Posted on November 19, 2018
by matt_culloty

It’s 9:45 on a sticky summer night in 1985.  

Me and some friends are killing time under a streetlamp wasting the summer away.  They’re doing most of the talking though, because my mind is elsewhere. I’ve been anxiously anticipating the religious ritual that awaits me come 10:00.  The one that takes place every Friday night for me. I keep strict track of the minute hand on my watch and decide that it’s time to say my goodbyes and head into my cozy, air-conditioned house.  The bulky, faux-wood television is already tuned to channel 11 (NBC). The rabbit ears with the aluminum foil on them are precisely turned in the right spot and the volume is perfect. My mom was an angel!  She knew the routine.

I grab a sofa pillow, turn the lights out and make a spot on the floor-mere inches from the screen.  The illumination cuts through the cigarette-smoke haze creating the perfect foreboding mood. Then it begins.  Through my spread bony knees, I see Crockett appear first. This looks like it’s going to be a good one! He’s deep undercover as his drug-dealing alter-ego, Sonny Burnett.  Bad guys in toe. The sting is going down. Tubbs is waiting outside, ready to pounce once he gets the word. My heart is racing, and I’m absolutely immersed in this world. My teenage angst is boiling over.  Suddenly, Crockett’s cover is blown, and the deal quickly goes south. Tubbs rushes in. Guns start blazing. Holy Christ, is Crockett hit? Is Tubbs too late?

Then…the screen goes to black!  The legendary theme music begins, and I finally exhale, strapping myself in for the hour of nail-biting, sensory overload that awaits.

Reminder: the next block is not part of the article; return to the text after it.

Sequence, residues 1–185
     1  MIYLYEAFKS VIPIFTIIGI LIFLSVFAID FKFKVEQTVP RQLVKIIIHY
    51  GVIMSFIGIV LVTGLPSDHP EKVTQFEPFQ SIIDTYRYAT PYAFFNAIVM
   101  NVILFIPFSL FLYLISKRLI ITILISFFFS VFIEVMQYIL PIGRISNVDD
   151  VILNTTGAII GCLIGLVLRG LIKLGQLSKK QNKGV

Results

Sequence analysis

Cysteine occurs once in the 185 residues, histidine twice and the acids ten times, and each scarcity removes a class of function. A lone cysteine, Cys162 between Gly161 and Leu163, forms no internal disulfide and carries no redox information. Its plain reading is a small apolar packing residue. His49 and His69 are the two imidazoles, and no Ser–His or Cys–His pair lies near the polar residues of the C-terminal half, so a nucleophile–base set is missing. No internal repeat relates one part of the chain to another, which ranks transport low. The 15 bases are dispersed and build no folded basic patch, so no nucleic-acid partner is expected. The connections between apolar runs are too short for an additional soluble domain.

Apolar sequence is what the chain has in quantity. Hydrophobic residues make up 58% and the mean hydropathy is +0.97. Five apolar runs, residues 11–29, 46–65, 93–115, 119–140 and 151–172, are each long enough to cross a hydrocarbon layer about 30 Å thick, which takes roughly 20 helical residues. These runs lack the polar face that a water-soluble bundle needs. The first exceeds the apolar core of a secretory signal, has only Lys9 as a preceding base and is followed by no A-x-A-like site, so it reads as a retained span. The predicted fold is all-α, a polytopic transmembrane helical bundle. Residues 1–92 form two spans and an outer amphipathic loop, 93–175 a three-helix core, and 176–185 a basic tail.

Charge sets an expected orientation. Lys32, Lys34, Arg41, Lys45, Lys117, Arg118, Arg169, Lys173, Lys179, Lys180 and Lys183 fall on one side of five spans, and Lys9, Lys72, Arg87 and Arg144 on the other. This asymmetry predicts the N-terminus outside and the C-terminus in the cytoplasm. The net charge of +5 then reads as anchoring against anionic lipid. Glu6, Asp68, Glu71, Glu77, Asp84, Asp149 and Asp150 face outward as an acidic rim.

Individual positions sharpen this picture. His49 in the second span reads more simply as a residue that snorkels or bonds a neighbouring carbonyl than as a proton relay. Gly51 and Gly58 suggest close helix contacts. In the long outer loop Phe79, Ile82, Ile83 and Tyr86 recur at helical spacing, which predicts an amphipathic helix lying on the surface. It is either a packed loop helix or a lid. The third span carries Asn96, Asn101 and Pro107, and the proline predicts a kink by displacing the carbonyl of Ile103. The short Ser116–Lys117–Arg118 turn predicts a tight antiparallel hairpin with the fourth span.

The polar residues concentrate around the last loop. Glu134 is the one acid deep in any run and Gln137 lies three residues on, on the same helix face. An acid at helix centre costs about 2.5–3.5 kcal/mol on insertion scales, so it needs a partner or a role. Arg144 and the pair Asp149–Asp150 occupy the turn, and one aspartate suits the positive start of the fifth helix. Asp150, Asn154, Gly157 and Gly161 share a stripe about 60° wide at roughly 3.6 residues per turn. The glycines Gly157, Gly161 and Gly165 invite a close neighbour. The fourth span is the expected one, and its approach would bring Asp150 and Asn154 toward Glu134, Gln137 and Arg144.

Miami Vice’s creators spared no expense when it came to providing their viewers with a quality, high-end product.  Realism was in demand and that meant writers and directors were often plucked from burgeoning film careers to helm various episodic shows.  Michael Mann being a perfect example. Scripts had depth, complex plot structures and complete narrative arcs. Characters were rich, fully realized and played by top-notch thespians of the day-actual craftsman.  Set locations were massive and/or intricate. Things were actually blown-up instead of blue-screened. And it was all shot on 35mm film, giving the overall vibe a real sense of multi-dimensional truth. I could go on and on.  But in a nutshell, many episodes of this series, especially in the first two seasons, were certainly on par with any theatrical releases of the day.

Now, juxtapose Miami Vice with any of the retreads the big three networks pass off as action shows today.  The first thing that jumps out is the dreadful acting. Seems having the lead actor resemble a toothy-grinned, Ken doll trumps him having actual acting chops.  Yea, Don Johnson and Philip Michael Thomas were good-looking, but they were also classically trained actors who developed their crafts and paid their dues through many years of climbing the ranks.  The storylines are flat and contrived. The special effects look like…well…special effects. And the kicker? They’re all shot on bright, bold, digital video-which completely kills any sense of depth or realism.

Sadly, this trend is just another example of the shifting priorities and palates within our ever dumbing-down society.  But thank God for cable and Netflix! Different business models and more artistic freedom have allowed them to maintain some semblance of taste…and pride.  They regularly produce a stable of shows that, both critically and commercially, are pretty kick-ass and blow away their network counterparts. But even they get less exciting and watered down a bit by overexposure.  Too many choices and too many outlets to see them kills some of the thrill.  The hype. The excitement.

I’m sure there’s a bunch of younger cats out there who will fight me tooth and nail over this.  But I have lived through both the pre and post-technological eras and experienced the stark contrasts, and until they’ve only had one device, one channel and one single night to watch their favorite show-they’ll never understand what true longing and anticipation really are.

And that’s a fact, Jack!

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